Difference between revisions of "Mock AIME 3 Pre 2005 Problems/Problem 13"
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Determine the remainder obtained when <math>S</math> is divided by <math>1000</math>. | Determine the remainder obtained when <math>S</math> is divided by <math>1000</math>. | ||
− | ==Solution== | + | ==Solution 1== |
− | {{ | + | Let <math>S = \sum_{k = 0}^{2005}\dfrac{k^2}{2^k}\cdot{2005 \choose k} = \sum_{k = 1}^{2005}\dfrac{k^2}{2^k}\cdot{2005 \choose k}</math>. Let <math>W = \left(\dfrac{2}{3}\right)^{2005}S</math>. Then note that <math>(x + 1)^{2005} = \sum_{k = 0}^{2005} {2005 \choose k}x^k</math>, so taking the derivative and multiplying by <math>x</math> gives <math>2005x(x + 1)^{2004} = \sum_{k = 0}^{2005} k{2005 \choose k}x^k</math>. Taking the derivative and multiplying by <math>x</math> again gives <math>f(x) = 2005x(x + 1)^{2004} + (2005)(2004)x^2(x + 1)^{2003} = \sum_{k = 0}^{2005} k^2{2005 \choose k}x^k</math>. Now note that <math>f\left(\dfrac{1}{2}\right) = S</math>. Then we get <math>W = \left(\dfrac{2}{3}\right)^{2005}S = \left(\dfrac{2}{3}\right)^{2005}\left(\dfrac{2005}{2}\left(\dfrac{3}{2}\right)^{2004} + (501)(2005)\left(\dfrac{3}{2}\right)^{2003}\right)</math>, so <math>W = \dfrac{2}{3}\cdot\dfrac{2005}{2} + \dfrac{668}{3}\cdot(2005) = 447115</math>, so <math>W \equiv \boxed{115} \pmod{1000}</math>. |
+ | |||
+ | ==Solution 2== | ||
+ | Let the wanted sum be <math>S</math>. | ||
+ | We will simplify the expression into: <cmath>3^{2005}S = \sum_{k=1}^{2005}2^{2005-k}k^2\dbinom{2005}{k}</cmath>. | ||
+ | A counting argument will be provided to compute this. | ||
+ | |||
+ | Consider <math>2005</math> people, who will be separated into group <math>1</math>, group <math>2</math>, and group <math>3</math>. Furthermore, one person in group <math>1</math> will be cool, and one person will be smart. (They may be the same people). | ||
+ | |||
+ | Consider only putting <math>k</math> people into group <math>1</math>. There are <math>\dbinom{2005}{k}</math> ways this can be done. For the remaining <math>2005-k</math> people, there are one of two groups they can be in, namely group <math>2</math> and group <math>3</math>. This means that there are <math>2^{2005-k}</math> ways this can be done. There are <math>k</math> ways to determine who is cool, and <math>k</math> ways to determine who is smart. This is <math>k^2</math>. As <math>k</math> ranges from <math>1</math> to <math>2005</math>, we will get all such scenarios. This means that the number of ways that this can be done is also <math>3^{2005}S</math>. | ||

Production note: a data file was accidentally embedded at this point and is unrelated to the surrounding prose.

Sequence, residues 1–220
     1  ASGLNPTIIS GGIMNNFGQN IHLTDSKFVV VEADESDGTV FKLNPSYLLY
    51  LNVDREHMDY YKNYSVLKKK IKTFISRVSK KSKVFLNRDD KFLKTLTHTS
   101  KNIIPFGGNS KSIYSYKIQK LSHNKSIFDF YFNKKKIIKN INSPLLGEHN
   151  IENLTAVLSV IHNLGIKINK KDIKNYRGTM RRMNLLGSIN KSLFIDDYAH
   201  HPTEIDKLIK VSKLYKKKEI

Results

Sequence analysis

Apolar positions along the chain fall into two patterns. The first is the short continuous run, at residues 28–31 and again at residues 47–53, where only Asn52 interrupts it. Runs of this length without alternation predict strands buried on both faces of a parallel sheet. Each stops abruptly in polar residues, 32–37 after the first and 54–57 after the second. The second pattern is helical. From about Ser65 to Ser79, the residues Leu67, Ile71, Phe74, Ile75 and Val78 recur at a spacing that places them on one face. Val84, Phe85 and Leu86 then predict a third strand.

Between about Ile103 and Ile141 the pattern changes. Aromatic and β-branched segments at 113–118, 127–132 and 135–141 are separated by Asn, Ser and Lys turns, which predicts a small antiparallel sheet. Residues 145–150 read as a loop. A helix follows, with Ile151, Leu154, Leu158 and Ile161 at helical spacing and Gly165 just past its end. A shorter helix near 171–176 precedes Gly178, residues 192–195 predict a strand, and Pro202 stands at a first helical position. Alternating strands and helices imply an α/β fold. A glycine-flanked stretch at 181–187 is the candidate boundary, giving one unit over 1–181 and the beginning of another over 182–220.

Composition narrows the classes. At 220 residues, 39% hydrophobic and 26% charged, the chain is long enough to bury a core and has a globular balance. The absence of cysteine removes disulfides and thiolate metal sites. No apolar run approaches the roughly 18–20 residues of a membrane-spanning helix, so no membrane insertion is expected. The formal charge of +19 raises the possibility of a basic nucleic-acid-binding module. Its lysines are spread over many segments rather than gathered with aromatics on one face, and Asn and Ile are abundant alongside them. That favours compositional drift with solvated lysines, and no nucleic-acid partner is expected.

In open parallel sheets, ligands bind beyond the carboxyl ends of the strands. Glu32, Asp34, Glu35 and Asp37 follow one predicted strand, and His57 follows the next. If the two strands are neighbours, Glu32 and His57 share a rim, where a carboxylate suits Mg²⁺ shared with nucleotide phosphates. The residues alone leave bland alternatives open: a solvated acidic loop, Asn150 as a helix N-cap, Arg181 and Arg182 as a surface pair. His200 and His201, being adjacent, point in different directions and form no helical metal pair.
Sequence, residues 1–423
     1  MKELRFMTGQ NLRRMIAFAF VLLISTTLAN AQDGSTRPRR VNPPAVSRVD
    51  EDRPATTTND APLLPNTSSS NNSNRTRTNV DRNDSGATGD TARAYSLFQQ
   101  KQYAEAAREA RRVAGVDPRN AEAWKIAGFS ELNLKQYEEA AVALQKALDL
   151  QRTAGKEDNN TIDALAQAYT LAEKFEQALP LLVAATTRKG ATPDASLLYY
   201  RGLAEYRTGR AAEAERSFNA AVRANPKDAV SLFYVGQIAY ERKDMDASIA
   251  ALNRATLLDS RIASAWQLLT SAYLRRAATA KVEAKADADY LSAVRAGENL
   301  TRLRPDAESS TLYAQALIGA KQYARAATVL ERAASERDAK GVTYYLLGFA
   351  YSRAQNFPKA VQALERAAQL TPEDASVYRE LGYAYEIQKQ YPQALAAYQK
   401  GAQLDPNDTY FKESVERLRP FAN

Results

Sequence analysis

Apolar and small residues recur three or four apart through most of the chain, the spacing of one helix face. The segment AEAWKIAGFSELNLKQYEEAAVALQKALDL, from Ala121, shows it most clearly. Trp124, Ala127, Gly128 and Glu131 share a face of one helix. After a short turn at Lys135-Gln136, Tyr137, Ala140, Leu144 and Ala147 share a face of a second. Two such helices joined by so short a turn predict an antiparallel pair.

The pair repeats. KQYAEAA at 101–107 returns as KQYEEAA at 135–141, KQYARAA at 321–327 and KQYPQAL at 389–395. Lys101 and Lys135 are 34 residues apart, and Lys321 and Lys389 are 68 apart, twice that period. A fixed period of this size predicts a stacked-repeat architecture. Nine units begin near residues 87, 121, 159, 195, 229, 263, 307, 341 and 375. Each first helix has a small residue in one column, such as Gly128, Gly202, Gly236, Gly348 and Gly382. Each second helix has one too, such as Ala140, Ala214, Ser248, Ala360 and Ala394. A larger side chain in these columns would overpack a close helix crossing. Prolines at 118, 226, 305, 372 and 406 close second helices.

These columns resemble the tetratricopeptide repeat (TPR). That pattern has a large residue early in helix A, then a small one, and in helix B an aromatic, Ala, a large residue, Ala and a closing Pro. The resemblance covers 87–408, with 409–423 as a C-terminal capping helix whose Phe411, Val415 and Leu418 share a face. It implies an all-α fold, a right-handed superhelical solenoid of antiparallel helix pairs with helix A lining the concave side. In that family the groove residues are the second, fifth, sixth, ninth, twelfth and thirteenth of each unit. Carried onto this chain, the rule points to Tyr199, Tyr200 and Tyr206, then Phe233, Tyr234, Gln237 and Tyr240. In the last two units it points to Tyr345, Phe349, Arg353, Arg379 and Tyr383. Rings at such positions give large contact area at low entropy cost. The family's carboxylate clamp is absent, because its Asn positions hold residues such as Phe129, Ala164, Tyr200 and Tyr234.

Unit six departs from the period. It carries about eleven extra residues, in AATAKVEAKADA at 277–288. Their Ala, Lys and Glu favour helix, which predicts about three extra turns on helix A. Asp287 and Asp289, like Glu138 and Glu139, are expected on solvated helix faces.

+ | |||
+ | Another way to count this is two split it up into two cases. | ||
+ | |||
+ | Case 1: <math>1</math> person is both cool and smart. | ||
+ | There are <math>2005</math> ways to choose this person. The remaining <math>2004</math> people have a choice of one of <math>3</math> groups, making <math>2005 \cdot 3^{2004}</math> ways. | ||
+ | |||
+ | Case 2: <math>1</math> person is cool, and another person in smart. | ||
+ | There are <math>2005</math> ways to choose who is cool, and <math>2004</math> ways to choose who is smart. The remaining <math>2003</math> people have a choice of one of <math>3</math> groups, making <math>2005 \cdot 2004 \cdot 3^{2003}</math>. | ||
+ | |||
+ | |||
+ | Thus, we have: <cmath>3^{2005}S=2005 \cdot 3^{2003}(3+2004) \implies S=2005 \cdot \dfrac{2007}{9}=2005 \cdot 223 \equiv 115 \ (\text{mod} \ 1000)</cmath> | ||
+ | |||
+ | Thus, the answer is <math>\boxed{115}</math> | ||
+ | |||
+ | ==See Also== | ||
+ | {{Mock AIME box|year=Pre 2005|n=3|num-b=12|num-a=14}} |
Latest revision as of 13:53, 19 July 2020
Contents
Problem
Let denote the value of the sum
Determine the remainder obtained when is divided by .
Solution 1
Let . Let . Then note that , so taking the derivative and multiplying by gives . Taking the derivative and multiplying by again gives . Now note that . Then we get , so , so .
Solution 2
Let the wanted sum be . We will simplify the expression into: . A counting argument will be provided to compute this.
Consider people, who will be separated into group , group , and group . Furthermore, one person in group will be cool, and one person will be smart. (They may be the same people).
Consider only putting people into group . There are ways this can be done. For the remaining people, there are one of two groups they can be in, namely group and group . This means that there are ways this can be done. There are ways to determine who is cool, and ways to determine who is smart. This is . As ranges from to , we will get all such scenarios. This means that the number of ways that this can be done is also .
Another way to count this is two split it up into two cases.
Case 1: person is both cool and smart. There are ways to choose this person. The remaining people have a choice of one of groups, making ways.
Case 2: person is cool, and another person in smart. There are ways to choose who is cool, and ways to choose who is smart. The remaining people have a choice of one of groups, making .
Thus, we have:
Thus, the answer is
See Also
Mock AIME 3 Pre 2005 (Problems, Source) | ||
Preceded by Problem 12 |
Followed by Problem 14 | |
1 • 2 • 3 • 4 • 5 • 6 • 7 • 8 • 9 • 10 • 11 • 12 • 13 • 14 • 15 |